In case you missed it, the Google+ app for Android got updated recently to version 7.1.
The update is mostly comprised of bug fixes - 37 bug fixes to be exact - but it also offers fixes for 17 "accessibility issues," a fix for the "keep contacts up to date" setting, and one pretty handy feature that makes the bottom tab bar just a little more useful.
In the cutthroat world of mobile office suites, developers are always trying to bring more features to the table so you'll pick their offering as your go-to. And when it comes to that arena, I personally can't say anyone does it better than Mobile Systems with Office Suite Pro. It's been my personal choice for, well, a long time.
Today the office-on-the-go was updated to version 7.1, which brings with it several new features, including some rather unique options:
What's in this version:
New features in 7.1: *Oxford Dictionary of English integration (available as a separate add-on product) *Ability to perform Google search form Word documents *Insert image from camera (in Word/Excel/PowerPoint) *Better compatibility with QuickSpell *Tables resize in Word (separate branches) *Dual screen support *Links and Shadows support in PowerPoint *Image replace in Word *Improved font formatting and Autofill with cell dragging in Excel *Improved UI in Excel sheets *Sheets reordering in Excel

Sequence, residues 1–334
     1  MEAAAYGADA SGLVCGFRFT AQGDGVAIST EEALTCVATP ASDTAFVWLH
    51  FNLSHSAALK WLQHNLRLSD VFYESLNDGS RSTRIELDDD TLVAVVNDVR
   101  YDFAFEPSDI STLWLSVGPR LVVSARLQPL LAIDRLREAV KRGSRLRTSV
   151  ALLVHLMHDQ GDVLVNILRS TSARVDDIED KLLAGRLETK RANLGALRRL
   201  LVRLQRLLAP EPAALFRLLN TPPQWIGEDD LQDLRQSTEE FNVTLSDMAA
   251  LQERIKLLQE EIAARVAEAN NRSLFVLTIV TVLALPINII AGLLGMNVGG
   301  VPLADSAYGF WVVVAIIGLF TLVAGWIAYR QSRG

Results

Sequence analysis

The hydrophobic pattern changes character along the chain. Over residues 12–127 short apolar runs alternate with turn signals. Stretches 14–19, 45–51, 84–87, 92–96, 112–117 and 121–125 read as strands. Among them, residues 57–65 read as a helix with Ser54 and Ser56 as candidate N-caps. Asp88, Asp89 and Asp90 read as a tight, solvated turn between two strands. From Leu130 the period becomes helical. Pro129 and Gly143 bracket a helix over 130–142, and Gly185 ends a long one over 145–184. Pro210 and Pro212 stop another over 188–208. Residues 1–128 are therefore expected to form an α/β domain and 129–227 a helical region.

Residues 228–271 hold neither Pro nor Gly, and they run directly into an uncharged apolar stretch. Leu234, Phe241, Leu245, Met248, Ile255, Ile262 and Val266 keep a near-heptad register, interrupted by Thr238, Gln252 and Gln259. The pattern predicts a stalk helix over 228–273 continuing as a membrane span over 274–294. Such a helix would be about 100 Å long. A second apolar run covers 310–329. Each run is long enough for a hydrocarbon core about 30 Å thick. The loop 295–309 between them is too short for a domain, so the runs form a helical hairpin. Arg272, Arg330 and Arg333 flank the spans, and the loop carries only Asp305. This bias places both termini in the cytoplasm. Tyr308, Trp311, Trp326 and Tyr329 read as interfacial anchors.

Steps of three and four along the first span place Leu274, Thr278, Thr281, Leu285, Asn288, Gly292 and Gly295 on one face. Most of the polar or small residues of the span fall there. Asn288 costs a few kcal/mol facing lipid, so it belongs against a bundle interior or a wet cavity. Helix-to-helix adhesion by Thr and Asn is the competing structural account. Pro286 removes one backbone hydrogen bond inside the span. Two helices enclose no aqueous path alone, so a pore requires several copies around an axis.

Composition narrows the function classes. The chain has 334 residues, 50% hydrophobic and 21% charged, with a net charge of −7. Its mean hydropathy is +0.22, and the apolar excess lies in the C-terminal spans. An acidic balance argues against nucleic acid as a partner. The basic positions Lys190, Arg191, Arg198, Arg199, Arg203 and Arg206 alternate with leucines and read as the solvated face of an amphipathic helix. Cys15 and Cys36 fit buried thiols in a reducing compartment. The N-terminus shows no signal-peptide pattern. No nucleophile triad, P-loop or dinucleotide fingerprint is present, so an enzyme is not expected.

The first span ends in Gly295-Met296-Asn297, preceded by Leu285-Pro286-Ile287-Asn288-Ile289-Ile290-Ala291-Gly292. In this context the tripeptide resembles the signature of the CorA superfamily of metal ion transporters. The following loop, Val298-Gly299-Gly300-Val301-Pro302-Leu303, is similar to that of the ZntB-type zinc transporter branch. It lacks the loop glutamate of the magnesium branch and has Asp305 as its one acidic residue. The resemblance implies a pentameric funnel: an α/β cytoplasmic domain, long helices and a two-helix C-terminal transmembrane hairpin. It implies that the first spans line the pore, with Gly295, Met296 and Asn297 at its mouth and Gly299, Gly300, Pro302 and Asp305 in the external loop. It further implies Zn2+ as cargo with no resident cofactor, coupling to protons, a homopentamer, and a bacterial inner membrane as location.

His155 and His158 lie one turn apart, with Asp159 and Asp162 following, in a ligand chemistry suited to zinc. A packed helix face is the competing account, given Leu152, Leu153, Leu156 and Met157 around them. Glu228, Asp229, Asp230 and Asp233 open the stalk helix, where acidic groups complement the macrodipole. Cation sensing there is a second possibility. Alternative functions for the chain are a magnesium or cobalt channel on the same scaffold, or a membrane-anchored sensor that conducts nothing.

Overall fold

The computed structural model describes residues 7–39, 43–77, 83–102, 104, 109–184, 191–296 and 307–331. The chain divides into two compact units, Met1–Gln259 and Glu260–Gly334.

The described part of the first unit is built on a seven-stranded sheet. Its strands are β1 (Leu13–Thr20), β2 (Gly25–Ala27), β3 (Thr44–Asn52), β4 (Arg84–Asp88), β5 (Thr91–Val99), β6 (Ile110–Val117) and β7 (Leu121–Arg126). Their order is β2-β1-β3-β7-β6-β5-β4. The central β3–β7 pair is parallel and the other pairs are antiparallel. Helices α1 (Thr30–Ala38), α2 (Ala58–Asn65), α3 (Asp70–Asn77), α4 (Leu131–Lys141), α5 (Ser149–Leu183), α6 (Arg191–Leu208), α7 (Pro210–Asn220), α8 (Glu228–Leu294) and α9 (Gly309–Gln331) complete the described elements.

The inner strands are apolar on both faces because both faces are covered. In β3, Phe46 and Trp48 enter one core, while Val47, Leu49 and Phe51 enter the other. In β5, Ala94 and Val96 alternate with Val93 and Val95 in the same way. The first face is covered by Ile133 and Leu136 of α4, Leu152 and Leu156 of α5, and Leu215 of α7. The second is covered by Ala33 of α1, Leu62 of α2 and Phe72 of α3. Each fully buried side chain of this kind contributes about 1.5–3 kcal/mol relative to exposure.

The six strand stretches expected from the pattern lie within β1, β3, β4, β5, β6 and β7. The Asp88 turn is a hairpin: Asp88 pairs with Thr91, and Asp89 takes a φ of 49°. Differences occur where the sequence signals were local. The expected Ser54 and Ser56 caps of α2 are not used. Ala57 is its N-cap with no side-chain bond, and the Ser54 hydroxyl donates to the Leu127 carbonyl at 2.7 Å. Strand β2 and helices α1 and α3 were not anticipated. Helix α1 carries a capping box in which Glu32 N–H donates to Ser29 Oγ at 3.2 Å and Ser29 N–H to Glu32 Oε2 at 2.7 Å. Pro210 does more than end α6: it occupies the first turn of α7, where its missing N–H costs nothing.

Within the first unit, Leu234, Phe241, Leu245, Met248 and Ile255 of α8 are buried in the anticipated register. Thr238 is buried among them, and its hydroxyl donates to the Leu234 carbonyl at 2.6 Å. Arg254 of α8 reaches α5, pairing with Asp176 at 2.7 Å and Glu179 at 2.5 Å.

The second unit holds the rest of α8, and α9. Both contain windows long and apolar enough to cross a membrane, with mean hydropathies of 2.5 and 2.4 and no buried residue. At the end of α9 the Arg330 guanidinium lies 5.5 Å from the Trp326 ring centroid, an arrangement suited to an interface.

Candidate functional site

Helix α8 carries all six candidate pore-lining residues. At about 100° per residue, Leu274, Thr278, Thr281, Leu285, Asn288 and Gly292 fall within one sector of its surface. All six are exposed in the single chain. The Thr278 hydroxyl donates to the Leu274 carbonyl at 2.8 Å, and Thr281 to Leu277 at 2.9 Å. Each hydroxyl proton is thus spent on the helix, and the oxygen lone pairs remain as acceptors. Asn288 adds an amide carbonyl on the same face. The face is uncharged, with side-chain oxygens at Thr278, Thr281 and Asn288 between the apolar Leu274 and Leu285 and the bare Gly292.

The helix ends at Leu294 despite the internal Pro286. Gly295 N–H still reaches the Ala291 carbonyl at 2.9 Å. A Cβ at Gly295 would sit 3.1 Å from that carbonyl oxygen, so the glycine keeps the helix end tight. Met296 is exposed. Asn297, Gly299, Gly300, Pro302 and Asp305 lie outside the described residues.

As you can see in the above list, this version has "dual screen support" – whatever that means (seriously, what does that mean?
The road to CyanogenMod 7.1, undoubtedly the largest Android custom ROM, now covering a mind-boggling number of devices (68), has been long and rough. We've been hearing rumblings that the final release was almost here for a number of days (just watch the video of the CM sessions from the Big Android BBQ below), but a couple of hours ago it really did seep through and end up at CM download mirrors across the web.
CM 7.1 adds support for the following (note that not all of these have stable releases out):
One of the ways Android protects application users from unwanted activities is by requiring every app to declare a set of permissions and allowing users to view those permissions during the installation phase. Don't like what an app can do? Just don't install it.
However, this all or nothing approach doesn't allow you to selectively turn off specific permissions, so if you don't like that an application accesses your phone state, you can't just disable that and still have the app installed. This forces you to either potentially compromise your privacy or miss out on what could be a great piece of software.